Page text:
Unfortunately, Hattie’s results are hard to use. For example, what feedback is good feedback? We all give feedback, so it’s an effect size of 0.73 compared with never telling the kids how they’re doing? Who does that? Or is there some special feedback, perhaps with multi-coloured pens, that’s really, really good? The EEF found this to be a problem when they ran a pilot scheme in a set of primaries “The estimated impact findings showed no difference between the intervention schools and the other primary schools in Bexley” “Many teachers found it difficult to understand the academic research papers which set out the principles of effective feedback and distinguished between different types of feedback” “Some teachers initially believed that the programme was unnecessary as they already used feedback effectively.”
Or take Piagetian Programs – what are they? Matt Perks did some investigation and found that at least some of the meta-analyses that Hattie included in this category were actually correlational, i.e. kids who scored highly on tests designed to measure Piagetian things like abstract reasoning did well at school. Well duh, but how does that help?
So Hattie’s meta-analysis of meta-analyses is too abstracted from actual teaching to be really useful. Many other meta-analyses are open to contradiction, which leads to the question, are there any that are uncontroversial and tell us something useful? Well yes. The very narrow “How to Study” or Revision field of learning does seem to throw up consistent results, as summarised in the work of John Dunlosky. Forcing yourself to try and recall learning helps you recall it later whether you succeeded or not (low stakes testing), and spacing learning out is better than massed practice. A group of academics calling themselves the “Learning Scientists” do a great job of getting these results out to teachers. However, even they find that just two results don’t make for an interesting and regular blog and so stray into blogging on research that is much less certain.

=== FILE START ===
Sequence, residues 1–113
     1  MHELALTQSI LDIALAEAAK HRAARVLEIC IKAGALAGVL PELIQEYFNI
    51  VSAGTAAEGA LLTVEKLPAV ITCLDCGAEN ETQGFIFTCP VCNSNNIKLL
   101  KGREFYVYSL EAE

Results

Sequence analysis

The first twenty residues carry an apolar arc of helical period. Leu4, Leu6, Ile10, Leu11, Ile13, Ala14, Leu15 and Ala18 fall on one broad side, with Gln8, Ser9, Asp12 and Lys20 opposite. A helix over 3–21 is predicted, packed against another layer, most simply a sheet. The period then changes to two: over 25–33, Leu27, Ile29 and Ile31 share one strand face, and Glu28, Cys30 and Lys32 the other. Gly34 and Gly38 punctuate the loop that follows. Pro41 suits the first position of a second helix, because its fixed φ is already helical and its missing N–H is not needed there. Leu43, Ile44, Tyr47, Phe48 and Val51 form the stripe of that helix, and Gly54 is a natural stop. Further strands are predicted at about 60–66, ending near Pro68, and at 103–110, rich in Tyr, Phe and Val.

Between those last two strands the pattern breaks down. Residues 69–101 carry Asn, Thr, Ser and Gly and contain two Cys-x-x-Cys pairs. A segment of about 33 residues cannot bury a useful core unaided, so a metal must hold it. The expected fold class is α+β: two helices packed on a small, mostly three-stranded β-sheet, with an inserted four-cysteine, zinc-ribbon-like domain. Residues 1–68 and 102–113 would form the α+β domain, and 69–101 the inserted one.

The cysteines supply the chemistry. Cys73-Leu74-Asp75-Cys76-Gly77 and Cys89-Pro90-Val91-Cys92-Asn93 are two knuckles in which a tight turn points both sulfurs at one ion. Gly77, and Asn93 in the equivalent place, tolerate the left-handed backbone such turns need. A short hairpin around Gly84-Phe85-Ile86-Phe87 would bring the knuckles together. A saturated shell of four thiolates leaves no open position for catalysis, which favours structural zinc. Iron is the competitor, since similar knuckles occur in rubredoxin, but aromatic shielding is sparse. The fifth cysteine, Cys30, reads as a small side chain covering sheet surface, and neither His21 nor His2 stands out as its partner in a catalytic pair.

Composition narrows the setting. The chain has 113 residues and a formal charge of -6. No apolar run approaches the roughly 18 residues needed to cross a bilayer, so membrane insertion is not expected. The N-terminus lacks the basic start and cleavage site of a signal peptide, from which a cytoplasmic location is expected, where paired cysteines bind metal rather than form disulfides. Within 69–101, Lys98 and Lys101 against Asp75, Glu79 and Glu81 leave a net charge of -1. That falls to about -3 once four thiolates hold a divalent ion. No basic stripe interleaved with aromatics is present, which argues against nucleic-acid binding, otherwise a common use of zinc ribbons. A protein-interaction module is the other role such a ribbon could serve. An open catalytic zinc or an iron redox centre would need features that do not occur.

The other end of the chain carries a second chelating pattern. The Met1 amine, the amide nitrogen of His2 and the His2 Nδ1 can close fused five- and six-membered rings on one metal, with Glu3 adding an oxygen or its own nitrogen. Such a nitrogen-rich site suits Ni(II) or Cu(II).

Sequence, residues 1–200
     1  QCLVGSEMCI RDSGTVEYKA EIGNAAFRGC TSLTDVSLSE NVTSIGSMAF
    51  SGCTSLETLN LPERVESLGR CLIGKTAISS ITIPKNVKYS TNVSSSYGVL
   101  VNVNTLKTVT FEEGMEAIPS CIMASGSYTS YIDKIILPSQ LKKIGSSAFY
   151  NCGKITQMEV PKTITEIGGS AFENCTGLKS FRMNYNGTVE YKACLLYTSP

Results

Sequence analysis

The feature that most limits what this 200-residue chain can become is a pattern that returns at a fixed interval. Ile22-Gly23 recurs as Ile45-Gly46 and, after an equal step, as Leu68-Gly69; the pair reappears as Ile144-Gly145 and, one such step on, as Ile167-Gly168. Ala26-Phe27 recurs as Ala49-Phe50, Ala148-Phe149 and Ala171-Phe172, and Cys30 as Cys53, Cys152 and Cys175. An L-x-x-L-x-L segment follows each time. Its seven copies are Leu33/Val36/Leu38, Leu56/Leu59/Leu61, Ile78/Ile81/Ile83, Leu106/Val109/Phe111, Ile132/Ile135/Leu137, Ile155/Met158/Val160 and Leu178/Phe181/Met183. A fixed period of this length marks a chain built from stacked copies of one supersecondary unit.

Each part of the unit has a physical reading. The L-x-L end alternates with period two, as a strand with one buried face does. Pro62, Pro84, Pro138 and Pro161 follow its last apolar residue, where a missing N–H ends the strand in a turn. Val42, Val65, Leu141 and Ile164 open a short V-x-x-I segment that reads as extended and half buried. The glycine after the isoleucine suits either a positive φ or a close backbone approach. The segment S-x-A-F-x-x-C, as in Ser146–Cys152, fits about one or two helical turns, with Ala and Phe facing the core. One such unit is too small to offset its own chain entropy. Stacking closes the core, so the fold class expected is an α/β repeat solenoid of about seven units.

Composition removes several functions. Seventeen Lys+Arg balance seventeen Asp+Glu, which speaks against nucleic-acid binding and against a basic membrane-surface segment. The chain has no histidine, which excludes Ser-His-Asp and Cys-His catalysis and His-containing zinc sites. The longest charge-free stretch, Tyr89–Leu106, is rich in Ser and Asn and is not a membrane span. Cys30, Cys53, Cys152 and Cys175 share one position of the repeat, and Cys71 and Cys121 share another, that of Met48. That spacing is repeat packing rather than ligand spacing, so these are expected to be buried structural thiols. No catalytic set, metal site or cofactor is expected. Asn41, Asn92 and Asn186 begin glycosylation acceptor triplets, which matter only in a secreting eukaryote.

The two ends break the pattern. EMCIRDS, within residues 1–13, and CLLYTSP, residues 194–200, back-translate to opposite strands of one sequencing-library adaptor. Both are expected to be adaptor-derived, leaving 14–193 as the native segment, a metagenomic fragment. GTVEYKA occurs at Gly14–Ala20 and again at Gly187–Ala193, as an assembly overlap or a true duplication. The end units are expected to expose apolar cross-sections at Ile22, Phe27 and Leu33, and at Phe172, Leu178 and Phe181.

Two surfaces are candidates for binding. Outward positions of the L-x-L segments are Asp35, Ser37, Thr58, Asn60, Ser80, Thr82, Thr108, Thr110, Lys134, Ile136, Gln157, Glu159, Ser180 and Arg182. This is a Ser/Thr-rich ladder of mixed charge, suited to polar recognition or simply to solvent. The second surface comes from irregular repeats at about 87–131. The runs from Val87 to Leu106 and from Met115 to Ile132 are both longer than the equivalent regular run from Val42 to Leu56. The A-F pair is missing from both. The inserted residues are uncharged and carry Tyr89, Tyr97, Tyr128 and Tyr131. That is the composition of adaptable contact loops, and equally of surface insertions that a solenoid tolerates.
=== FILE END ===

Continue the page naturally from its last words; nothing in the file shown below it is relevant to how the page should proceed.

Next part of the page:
Finally in “What Works”, if you can’t go massive, and you don’t trust metas, then you need to conduct a randomised and controlled trial (RCT) where the intervention group and the control group have been randomly assigned, but in such a way that both groups have similar starting characteristics. It is RCTs that the EEF have been funding as “Effectiveness Trials” and the results have so far been disappointing. I’m sure that some of my disappointment is because I have been conditioned by Hattie to expect big effect sizes. Obviously most of the effect sizes Hattie included were for post-intervention verses the starting condition, rather than post-intervention verses control, and therefore bound to be bigger. However, even allowing for that, the EEF doesn’t seem to have found much that is any better than normal practice. My biggest disappointment was “Let’s Think Secondary Science” which was a modernisation of CASE (Cognitive Acceleration through Science Education). At the 2016 ASE conference in January, those involved were very upbeat about their results so the assessment in August that said “This evaluation provided no evidence that Let’s Think Secondary Science had an impact on science attainment” was a real surprise. However, it was in line with many other EEF findings which tend to conclude that the teachers thought the intervention was excellent, but the outcomes were less convincing. This is even true for some of the studies that are trumpeted as successes like “Philosophy for Children” where the positives are very qualified, for example; “Results on the Cognitive Abilities Test (CAT) showed mixed results. Pupils who started the programme in Year 5 showed a positive impact, but those who started in Year 4 showed no evidence of benefit.”